Maize Pests in Mexico and Challenges for the Adoption of Integrated Pest Management Programs

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Abstract or Summary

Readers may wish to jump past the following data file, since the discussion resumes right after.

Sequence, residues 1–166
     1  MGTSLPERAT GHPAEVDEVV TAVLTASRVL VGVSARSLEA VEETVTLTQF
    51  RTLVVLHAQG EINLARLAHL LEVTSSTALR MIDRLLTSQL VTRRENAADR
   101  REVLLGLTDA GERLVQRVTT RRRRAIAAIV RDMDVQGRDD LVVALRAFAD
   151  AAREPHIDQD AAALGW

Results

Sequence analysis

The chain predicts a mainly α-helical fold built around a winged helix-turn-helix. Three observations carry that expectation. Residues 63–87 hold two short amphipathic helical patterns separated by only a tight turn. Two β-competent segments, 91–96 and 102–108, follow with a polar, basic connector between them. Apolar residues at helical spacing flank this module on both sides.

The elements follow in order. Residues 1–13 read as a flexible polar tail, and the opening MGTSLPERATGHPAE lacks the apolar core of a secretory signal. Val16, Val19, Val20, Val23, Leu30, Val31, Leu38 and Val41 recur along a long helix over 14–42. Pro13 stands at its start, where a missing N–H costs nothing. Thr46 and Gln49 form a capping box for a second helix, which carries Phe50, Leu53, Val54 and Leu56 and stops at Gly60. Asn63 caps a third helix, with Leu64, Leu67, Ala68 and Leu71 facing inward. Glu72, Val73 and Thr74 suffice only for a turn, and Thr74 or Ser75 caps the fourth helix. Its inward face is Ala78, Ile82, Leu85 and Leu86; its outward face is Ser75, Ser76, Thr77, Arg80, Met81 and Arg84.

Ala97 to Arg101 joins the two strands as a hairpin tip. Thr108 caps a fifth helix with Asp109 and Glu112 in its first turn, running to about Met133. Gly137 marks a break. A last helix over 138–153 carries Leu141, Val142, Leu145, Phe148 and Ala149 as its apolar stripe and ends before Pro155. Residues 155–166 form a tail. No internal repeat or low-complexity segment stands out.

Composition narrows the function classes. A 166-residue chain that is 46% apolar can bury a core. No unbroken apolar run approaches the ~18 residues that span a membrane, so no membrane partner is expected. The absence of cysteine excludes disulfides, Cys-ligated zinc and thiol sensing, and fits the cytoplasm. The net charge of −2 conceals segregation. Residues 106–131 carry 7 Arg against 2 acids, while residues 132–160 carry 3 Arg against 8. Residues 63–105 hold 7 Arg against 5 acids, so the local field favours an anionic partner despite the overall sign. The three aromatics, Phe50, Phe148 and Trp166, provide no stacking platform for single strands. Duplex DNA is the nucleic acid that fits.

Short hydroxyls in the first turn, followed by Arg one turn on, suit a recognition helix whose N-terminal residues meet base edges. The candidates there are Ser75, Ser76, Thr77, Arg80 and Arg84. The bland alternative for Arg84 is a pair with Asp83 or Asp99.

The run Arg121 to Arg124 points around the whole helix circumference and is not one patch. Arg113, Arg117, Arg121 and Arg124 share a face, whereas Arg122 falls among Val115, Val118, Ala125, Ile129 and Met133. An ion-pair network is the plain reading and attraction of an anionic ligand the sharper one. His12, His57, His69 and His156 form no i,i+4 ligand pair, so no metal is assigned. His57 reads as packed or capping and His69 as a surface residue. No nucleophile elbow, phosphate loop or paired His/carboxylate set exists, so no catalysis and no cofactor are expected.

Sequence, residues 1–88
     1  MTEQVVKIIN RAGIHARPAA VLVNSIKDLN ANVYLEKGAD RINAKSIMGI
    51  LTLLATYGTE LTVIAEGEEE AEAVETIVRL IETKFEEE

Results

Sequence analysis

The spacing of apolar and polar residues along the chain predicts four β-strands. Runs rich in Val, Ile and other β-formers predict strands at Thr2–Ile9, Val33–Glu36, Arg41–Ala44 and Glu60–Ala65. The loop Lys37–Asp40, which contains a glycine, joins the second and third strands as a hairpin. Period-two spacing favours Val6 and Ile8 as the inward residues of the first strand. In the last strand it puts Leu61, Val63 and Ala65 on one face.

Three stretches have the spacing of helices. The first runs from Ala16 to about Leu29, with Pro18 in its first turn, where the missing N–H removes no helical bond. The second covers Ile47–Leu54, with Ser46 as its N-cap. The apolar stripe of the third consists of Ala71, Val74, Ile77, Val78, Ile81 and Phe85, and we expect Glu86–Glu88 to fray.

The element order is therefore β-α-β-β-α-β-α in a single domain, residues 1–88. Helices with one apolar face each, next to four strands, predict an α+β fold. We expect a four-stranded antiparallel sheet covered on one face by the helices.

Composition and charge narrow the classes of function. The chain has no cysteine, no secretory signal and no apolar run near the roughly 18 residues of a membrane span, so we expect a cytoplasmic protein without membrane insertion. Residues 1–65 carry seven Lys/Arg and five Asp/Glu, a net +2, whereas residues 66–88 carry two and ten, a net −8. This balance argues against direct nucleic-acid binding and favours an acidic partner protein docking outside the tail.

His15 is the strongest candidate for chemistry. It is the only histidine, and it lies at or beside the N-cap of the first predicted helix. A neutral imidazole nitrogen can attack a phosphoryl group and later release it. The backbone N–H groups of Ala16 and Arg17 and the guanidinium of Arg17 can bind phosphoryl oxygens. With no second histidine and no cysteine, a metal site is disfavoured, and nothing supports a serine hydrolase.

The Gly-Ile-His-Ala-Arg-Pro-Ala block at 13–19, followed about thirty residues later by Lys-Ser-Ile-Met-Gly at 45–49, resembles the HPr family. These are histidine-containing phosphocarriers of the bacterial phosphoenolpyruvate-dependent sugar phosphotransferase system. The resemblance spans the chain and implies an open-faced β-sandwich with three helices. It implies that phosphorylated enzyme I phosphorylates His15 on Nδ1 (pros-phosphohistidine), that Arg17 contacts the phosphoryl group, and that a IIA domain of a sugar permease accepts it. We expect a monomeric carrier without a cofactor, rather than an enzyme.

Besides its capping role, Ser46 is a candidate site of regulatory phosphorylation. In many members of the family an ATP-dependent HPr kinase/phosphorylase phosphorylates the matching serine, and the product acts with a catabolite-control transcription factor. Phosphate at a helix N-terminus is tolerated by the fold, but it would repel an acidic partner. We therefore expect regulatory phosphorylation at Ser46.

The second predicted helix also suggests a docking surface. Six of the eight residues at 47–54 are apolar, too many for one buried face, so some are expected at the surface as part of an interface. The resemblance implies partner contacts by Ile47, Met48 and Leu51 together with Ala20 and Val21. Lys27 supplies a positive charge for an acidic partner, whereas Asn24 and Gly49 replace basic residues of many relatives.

Mexico is the fifth largest maize producer and the area of origin and domestication of this crop. Mexico’s 6.8 million hectare annual production of maize represents 30% of its total domestic agricultural production and 6.6% of the country’s arable land. However, Mexico’s average yield of 3.17 tons per hectare is 38% below the world’s average. Although maize is a major crop globally, it is typically not grown under modern or comprehensive integrated pest management (IPM) programs aimed at minimizing economic damage and lowering environmental and health risks. Pest management in commercial maize in Mexico continues to rely primarily on chemical control using conventional synthetic insecticides. Approximately 3,000 tons of active ingredient per year are used to combat the single most important pest, the fall armyworm (Spodoptera frugiperda Smith), followed by the corn earworm (Helicoverpa zea Boddie) and the black cutworm (Agrotis ipsilon (Hufnagel)). Mexican farmers have successfully adopted IPM programs for many crops, but IPM is not common in maize crops. Although different components and elements have been identified, most of the information on maize pests and IPM in Mexico has been published in technical bulletins of a reduced regional scope or in difficult-to-access reports, generally describing laboratory screenings, preliminary field evaluations, or listing technical recommendations but rarely including products and practices that growers actually use. This report provides up-to-date information on the common pests in the main maize-growing areas of Mexico from experts in the field. Updated information on maize pest population dynamics and control has been gathered from agricultural professionals directly involved in maize crop protection. This critical information, not readably available for Mexican production systems, is intended to help researchers, government officials, and industry specialists in making decisions regarding time and resource allocations in the design and implementation of IPM techniques, practices, and programs for Mexican maize.

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